New Zealand plans a new work visa system

Accredited Employer Work Visa

On 1 November 2021, Immigration New Zealand (“INZ”) will introduce the Accredited Employer Work Visa (“AEWV”). AEWV is a single work visa, replacing six existing work visa categories:

  • Essential Skills Work Visa
  • Essential Skills Work Visa – Approval in Principle
  • Talent (Accredited Employer) Work Visa
  • Long Term Skills Shortage List Work Visa
  • Silver Fern Job Search Visa
  • Silver Fern Practical Experience Visa.

AEWVs will be issued for either 12 months or 3 years, depending on policy criteria.

Employer accreditation applications can be filed from late September in anticipation of the 1 November implementation date. There will be a high volume of employer applications so expect significant processing delays.

For those employees who have work visas expiring in the next 12 months, employers are encouraged to apply now for new work visas under the current scheme. This will postpone the need to apply for the new AEWV employer accreditation and avoid the expected processing delays when the new policy comes into effect.

Employers will not be required to obtain the new employer accreditation until they need to employ a new migrant worker or renew an existing employee’s visa, on an AEWV. Employees on existing work visas do not trigger the requirement to obtain the new employer accreditation – this only applies to workers applying for the AEWV.

Application Process

Stage 1: Employer Check

From 1 November 2021, any employer wanting to employ a migrant on an AEWV will have to be accredited (employer checked). This must be made, and paid for, by the employer. This is a new system with three types of employer accreditations:

  1. Standard – for employers with up to 5 AEWV workers
  2. High Volume – for employers with 6 or more AEWV workers.
  3. Other – for labour-hire companies and franchise employers.

If approved, employer accreditation will be given for an initial 12 months. Upon renewal, standard and high volume employers can be granted accreditation for another 24 months while other employers (labour-hire and franchise) can only extend their accreditation for another 12 months.

Standard requirements

To become an “accredited employer” the standard requirements must be met. These requirements are intended to ensure that all employers hiring migrants meet the minimum requirements to support and settle migrants and comply with employment and immigration laws. The requirements are that the employer:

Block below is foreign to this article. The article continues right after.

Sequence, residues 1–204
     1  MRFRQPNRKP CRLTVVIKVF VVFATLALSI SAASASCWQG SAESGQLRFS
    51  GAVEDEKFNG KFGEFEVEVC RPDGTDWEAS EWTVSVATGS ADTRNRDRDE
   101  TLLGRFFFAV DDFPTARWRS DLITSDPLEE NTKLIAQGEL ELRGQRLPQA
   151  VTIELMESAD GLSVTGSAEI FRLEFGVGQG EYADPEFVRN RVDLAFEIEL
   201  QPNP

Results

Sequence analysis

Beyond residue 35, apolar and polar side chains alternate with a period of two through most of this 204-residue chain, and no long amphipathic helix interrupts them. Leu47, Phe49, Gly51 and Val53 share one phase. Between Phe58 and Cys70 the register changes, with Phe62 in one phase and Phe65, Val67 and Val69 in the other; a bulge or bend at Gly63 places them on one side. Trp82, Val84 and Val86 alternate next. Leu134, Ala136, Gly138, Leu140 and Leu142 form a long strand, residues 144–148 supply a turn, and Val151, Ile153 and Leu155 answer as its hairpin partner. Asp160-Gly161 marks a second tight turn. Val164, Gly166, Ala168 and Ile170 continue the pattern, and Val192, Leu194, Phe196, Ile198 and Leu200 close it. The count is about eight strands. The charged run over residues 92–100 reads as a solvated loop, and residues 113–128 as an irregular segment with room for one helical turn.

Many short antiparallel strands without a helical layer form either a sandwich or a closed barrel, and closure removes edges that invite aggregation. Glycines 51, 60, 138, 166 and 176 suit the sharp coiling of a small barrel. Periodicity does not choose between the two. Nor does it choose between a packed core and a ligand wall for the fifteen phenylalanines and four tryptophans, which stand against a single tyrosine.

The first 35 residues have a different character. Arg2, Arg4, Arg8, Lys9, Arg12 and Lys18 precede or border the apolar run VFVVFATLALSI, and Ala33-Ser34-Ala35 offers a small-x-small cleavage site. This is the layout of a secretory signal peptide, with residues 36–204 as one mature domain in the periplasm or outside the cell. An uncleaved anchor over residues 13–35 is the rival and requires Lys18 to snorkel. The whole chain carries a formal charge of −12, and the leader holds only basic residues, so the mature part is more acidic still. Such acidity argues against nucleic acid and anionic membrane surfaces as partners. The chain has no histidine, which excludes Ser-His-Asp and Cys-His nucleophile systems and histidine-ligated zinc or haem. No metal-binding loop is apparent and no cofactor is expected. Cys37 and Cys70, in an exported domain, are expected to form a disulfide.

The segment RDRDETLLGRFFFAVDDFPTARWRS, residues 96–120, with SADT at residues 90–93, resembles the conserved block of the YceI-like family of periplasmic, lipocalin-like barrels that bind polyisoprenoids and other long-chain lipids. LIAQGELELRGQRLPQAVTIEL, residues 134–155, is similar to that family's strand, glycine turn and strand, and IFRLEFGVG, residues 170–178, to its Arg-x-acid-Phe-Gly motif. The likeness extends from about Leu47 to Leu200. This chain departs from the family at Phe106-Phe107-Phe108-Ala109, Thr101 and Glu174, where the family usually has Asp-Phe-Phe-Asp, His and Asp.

1. Must be genuinely operating business
  2. Be registered as an employer with IRD and hold a NZBN
  3. Provide evidence that they are:
    1. Profitable, or
    1. Have a positive cash flow, or
    1. Have sufficient capital or external investment, or
    1. Have a plan to ensure the business remains ongoing.
  4. The business owner(s) must not be bankrupt.
  • Must not have a recent history of regulatory non-compliance
  • INZ will ensure that the employer is compliant with New Zealand law, which includes checking whether the employer:
    •  is not on the Labour Inspectorate stand down list,
    • is compliant with immigration law,
    • key officeholders are not prohibited from acting as a director or have a pattern of immigration offences in other businesses they have been involved in,
    • is not a phoenix company.
  • Must take steps to minimise the risk of exploitation
  • Allow migrant workers time to complete online employment rights modules during paid work hours. These free modules inform employees about their essential employee information including their legal rights.
  • Pay all recruitment costs in New Zealand and outside New Zealand but not including airfares.
  • Ensure that everyone who makes recruitment decisions completes online employment modules (informs employers of their responsibilities to employees and as rights as employers). Employers should keep records to show they have met the requirements.
  • Employers must also provide migrant workers with:
    • work-related settlement information like how to get an IRD number, relevant industry training and qualification information and options, and specific job or industry hazards.